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A Cumbrian clock repair and restoration specialist is bringing conservation and horology into the 21st century using digital technology adopted with Made Smarter advice and support.

The Cumbria Clock Company is responsible for the maintenance of more than 1,000 church and public clocks in the UK including some of the most prestigious timepieces. But the company has long outgrown its out-dated, paper-based maintenance monitoring system.

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Made Smarter has not only accelerated our growth, but opened our eyes to so many possibilities which could transform our business from reactive and regular service and repair to a proactive data-driven service provider.

Keith Scobie-Youngs, Director of The Cumbria Clock Company
Video: Cumbria Clock Company
The Cumbria Clock Company's story
  • The Challenge

    Established by Keith and Lynn Scobie-Youngs 30 years ago, CCC’s team of 18 includes engineers who travel 260,000 miles per year on a maintenance schedule and conservators who carry out repairs from the Penrith workshop.

    The work schedule is managed using a mixture of paper files, spreadsheets and magnetic whiteboards.

    “Over the last 30 years our system has evolved to cope with our increase of clients,” Keith said. “But it is becoming too unwieldy for an analogue system and we need to find a better way to do things.

    “Our lack of overview of the location of all our clocks and our engineers means that opportunities to be more efficient with our service routes are missed. That means driving past a problem clock by mistake and then having to return. That’s extra time, cost and mileage.

    “We’ve also had problems with communicating the full and correct information to our engineers, which have led to errors, unnecessary delays and wasted journeys.”

  • The Solution

    A bespoke digital management system with desktop and mobile app will give the business access to a complete history of each clock, parts and costings, maintenance schedule, technical documents and photographs.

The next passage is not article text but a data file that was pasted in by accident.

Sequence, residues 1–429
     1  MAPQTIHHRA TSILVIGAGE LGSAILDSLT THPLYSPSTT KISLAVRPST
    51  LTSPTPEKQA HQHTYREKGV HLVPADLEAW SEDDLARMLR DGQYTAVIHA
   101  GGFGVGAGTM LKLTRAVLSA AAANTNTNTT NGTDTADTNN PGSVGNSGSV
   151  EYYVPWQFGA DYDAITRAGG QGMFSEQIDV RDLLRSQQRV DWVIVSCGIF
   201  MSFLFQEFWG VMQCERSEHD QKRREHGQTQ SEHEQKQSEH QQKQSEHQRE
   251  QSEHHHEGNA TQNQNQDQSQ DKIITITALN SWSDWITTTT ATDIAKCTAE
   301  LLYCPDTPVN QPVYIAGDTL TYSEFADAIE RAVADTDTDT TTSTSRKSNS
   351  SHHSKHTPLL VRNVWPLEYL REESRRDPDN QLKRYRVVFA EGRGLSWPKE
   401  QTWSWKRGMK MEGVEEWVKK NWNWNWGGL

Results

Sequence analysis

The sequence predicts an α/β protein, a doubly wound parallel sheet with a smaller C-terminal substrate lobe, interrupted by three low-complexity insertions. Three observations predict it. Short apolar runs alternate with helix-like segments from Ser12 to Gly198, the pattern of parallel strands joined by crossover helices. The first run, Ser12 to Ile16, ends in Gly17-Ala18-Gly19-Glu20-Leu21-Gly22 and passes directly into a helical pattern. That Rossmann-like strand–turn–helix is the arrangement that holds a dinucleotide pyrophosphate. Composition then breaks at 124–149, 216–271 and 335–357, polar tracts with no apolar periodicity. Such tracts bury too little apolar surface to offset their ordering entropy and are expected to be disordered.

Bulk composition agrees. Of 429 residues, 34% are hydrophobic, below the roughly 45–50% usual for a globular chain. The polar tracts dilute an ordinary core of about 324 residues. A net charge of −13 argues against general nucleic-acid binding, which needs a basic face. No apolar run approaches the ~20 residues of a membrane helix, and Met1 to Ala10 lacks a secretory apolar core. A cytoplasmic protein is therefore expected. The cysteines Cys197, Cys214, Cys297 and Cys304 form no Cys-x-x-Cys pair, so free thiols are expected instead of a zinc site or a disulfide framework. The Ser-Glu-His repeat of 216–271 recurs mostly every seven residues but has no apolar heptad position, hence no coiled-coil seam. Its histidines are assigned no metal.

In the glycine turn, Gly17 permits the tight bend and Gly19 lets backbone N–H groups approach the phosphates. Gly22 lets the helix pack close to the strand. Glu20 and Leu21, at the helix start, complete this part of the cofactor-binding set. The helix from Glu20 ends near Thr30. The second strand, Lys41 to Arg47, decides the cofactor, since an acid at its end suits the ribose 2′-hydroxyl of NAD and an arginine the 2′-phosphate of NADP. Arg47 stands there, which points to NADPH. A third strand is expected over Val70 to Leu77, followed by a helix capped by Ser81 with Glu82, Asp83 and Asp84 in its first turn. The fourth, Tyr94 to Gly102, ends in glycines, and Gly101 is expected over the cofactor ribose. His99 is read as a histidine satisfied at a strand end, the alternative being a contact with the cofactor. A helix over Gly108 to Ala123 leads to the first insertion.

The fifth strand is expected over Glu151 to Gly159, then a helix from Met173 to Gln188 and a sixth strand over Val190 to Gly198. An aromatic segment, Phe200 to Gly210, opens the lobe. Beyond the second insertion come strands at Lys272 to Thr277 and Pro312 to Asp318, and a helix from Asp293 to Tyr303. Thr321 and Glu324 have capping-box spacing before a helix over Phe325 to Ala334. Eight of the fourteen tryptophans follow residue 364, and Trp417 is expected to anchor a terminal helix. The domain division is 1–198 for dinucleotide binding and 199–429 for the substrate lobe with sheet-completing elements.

Engineers will access the app on a tablet to view their schedule of jobs and routes, contact details and any health and safety concerns they need to be aware of. They can then capture and upload information and photographs in real-time, and order new parts.

    Meanwhile, a dashboard and interactive map will give management an overview of all clocks, job types and status, and engineer schedules.

  • The Benefits

    Cumbria Clock Company believes the solution will significantly improve its efficiency to plan routes and combine service visits with call backs and inspections, and reduce its annual mileage by 30,000. This would not only save a significant sum of money, but reduce its emissions by 11%, the equivalent to 12 tonnes of carbon.

    Keith said: “My vision of the system is to be able to see an interactive digital map giving us a complete overview of all our clocks and engineers, which will enable us to plan our work more efficiently.

    “This system will vastly improve how we do things, increase profit, give us more scope to create new jobs, and reduce our carbon footprint, which is something very important to Lynn and I.”

    The app will allow the engineer to capture, store and upload vital data, which will save time and reduce the number of visits they need to make to the site.

    “This solution will give engineers all the correct information about the clock, its location and its history, at their fingertips,” Keith added. “Instead of us waiting until the end of the day for an engineer to send us some paperwork or an email, the information is in the system immediately, so we can act.”

    At the end of the process Cumbria Clock Company can produce a comprehensive conservation report for the customer, at the touch of a button.

  • The Future

    Cumbria Clock Company is also exploring a digital chip tracking system which will enable the business to remotely monitor clock functions, such as time keeping, strike and chime sequence, and power outages,  to better understand problems before the engineer attends onsite.

    Data captured from these clocks could then be used to create a digital twin, a virtual replica of the clock, for the purpose of writing operations and maintenance manuals.

    “At our heart we are conservationists finding engineering solutions to keep some of the UK’s most precious clocks running,” Keith said. “What we try and do is combine the old mechanical world with modern technology. We need to embrace the opportunities it offers our business.”

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